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Dec 9, 2009 01:06 PM

XLB, Jia Jia vs Ding Tai Fung.

Finally had the chance to try the famed Jia Jia. As advertised the XLB was amongst the best I have tasted. Flavorful soup and thin wraps. But how do they compare with Ding Tai Fung? We have also had the chance to go to DTF this trip (about the 4th time we tried DTF at different cities). And the verdict is, the two places serve very comparable tasting XLB. So taste-wise we judge them to be a tie. Price-wise of course there is no comparison, as DTF is 4 times that of Jia Jia. However, at the end we'd still prefer DTF for the overall ambience, the availability of a full restaurants dishes, and the service. DTF Shanghai also has the mini XLB every day. This is only available on weekends at other DTF locations.

On a side note, we also tried Yang's fried dumplings across the street from Jia Jia. Since we had 4 trays of XLB from Jia Jia we didn't have much room left for Yang's, which was a mistake. This was the best fried dumplings we've ever had. Next time we'll definitely be back just for the fried dumplings.

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  1. Which of the Jia Jia XLB did you try / prefer?

    Yang's: outrageous.

    5 Replies
    1. re: Steve

      We tried the regular and the crab. The crab is full of crab flavor and very "economical". We probably can't have too much crab, so next time just one each of the regular and the crab.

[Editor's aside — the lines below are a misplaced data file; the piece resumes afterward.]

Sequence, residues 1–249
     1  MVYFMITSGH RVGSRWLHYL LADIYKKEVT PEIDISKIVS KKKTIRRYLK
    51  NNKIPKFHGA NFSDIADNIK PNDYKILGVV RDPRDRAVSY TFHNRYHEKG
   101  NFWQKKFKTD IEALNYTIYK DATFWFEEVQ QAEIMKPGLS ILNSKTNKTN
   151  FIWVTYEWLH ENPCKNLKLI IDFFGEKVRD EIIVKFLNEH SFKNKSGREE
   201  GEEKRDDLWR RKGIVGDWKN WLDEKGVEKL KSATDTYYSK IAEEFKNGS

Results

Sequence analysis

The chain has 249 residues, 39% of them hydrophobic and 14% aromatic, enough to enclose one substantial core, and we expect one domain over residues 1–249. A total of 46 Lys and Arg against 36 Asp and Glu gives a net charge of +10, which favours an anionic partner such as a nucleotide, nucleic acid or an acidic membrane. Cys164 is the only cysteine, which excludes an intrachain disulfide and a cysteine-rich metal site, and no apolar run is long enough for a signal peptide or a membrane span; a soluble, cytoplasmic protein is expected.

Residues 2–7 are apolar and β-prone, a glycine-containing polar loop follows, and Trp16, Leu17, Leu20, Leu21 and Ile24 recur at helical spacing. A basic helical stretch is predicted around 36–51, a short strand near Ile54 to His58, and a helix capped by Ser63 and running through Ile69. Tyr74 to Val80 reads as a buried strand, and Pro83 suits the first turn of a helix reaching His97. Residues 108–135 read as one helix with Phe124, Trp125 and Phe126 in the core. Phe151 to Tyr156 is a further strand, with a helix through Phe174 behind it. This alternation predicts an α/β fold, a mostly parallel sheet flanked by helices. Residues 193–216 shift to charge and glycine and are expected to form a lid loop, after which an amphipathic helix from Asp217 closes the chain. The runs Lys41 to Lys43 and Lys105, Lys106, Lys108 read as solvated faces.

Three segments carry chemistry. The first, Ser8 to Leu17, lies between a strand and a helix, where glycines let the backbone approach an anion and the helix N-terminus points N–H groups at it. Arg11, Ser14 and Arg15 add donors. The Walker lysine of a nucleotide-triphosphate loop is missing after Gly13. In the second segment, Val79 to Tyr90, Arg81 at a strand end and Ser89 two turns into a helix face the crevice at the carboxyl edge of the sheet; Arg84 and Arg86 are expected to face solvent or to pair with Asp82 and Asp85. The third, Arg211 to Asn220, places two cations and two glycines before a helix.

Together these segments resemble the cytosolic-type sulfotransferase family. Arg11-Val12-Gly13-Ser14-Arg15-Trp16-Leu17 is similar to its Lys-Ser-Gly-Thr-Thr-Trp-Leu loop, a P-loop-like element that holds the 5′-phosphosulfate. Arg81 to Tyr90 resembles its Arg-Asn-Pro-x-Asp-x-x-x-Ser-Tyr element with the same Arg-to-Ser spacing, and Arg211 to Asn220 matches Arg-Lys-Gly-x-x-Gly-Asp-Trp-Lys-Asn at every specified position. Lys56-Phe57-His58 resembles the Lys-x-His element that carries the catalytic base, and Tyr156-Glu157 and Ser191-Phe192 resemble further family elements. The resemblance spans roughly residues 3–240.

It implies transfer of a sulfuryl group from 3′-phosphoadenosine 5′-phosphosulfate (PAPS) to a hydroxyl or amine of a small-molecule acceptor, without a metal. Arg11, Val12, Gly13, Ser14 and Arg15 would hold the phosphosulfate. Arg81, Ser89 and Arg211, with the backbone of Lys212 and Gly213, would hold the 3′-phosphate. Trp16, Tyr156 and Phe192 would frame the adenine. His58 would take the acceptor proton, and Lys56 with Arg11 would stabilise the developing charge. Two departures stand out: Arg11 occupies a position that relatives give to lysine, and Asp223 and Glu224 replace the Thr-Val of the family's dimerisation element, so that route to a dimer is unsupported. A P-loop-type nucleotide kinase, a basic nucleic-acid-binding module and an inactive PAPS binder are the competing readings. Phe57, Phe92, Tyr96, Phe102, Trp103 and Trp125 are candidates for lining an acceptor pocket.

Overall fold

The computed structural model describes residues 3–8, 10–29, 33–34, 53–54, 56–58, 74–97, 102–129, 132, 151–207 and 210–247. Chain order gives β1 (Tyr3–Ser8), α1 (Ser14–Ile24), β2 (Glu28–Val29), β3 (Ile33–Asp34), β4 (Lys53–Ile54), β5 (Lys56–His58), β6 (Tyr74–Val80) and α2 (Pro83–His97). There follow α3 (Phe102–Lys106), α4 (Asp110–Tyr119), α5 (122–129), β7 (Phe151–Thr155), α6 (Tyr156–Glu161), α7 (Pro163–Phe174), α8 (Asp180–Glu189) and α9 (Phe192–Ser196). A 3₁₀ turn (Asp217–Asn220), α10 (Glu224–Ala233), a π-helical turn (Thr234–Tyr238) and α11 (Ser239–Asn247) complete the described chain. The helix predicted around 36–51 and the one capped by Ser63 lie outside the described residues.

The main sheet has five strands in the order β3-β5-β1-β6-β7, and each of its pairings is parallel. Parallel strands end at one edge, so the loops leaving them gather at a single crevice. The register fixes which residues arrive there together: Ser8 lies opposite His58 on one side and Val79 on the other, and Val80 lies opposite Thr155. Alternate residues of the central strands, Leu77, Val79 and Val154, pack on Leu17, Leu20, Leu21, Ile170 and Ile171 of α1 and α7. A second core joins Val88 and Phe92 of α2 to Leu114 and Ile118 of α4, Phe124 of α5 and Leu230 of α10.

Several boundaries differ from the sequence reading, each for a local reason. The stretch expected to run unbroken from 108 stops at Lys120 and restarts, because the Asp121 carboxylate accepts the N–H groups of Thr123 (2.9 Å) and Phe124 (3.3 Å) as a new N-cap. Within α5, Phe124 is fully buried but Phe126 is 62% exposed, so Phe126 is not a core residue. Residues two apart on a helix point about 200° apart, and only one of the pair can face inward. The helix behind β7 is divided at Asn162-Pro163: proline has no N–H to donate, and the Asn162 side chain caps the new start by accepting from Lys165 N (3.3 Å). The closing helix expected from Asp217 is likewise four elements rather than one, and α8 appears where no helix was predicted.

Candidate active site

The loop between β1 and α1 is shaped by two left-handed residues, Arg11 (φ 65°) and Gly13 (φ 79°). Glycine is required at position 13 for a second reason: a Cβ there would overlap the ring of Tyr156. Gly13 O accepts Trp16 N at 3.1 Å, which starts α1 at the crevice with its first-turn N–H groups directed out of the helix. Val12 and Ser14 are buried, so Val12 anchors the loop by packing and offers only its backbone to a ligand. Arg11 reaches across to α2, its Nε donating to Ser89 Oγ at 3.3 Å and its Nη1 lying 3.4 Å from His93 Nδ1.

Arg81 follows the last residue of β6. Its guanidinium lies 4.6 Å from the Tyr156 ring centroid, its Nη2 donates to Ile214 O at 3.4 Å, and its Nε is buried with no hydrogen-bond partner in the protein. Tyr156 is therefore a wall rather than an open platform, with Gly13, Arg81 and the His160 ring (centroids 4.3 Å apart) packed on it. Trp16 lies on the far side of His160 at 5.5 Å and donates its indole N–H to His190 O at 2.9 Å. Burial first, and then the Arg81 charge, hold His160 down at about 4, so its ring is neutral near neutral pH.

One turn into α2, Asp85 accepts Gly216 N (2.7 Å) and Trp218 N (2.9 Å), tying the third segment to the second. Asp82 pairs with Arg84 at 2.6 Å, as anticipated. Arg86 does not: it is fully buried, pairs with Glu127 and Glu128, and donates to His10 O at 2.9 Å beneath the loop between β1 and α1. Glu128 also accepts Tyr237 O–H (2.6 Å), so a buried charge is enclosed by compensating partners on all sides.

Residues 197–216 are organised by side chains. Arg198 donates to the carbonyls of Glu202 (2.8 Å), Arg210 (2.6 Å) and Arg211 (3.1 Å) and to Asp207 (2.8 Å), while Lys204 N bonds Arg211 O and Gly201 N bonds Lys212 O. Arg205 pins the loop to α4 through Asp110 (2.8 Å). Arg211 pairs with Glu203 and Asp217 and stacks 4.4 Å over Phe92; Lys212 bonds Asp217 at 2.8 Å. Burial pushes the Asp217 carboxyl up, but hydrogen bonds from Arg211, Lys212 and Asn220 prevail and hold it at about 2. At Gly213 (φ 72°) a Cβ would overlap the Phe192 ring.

1. re: PeterL

        Even though Jia Jia is far more 'famous' for the pork, I much prefer the crab for the savoriness of the soup. I was hesitant to order it because I suspected it would be flavorless, but the crab provided a lot of punch to the XLB.

        1. re: Steve

          While the crab/pork combo at Jia Jia is very "economical", those willing to spend a bit more should go for the pure crab roe XLB. Absolutely sinful and offers the best bang for the buck IMHO.

          1. re: Peech

            Thanks for linking to your blog. Great reading. Are the crab roe XLB seasonal?

            1. re: Steve

              I don't think so. Crab roe is collected, mixed with crab meat and oil (either vegetable oil or pork lard), then the end product is refrigerated for use year-round.

    2. Thanks for the update, Peter.
      I'll be sure to try Jia Jia, and save a little money, before I leave Shanghai.

      (Btw, for this kind of posting, it would be useful for novices, such as myself, if you would indicate in the thread title which city/region you are referring to.)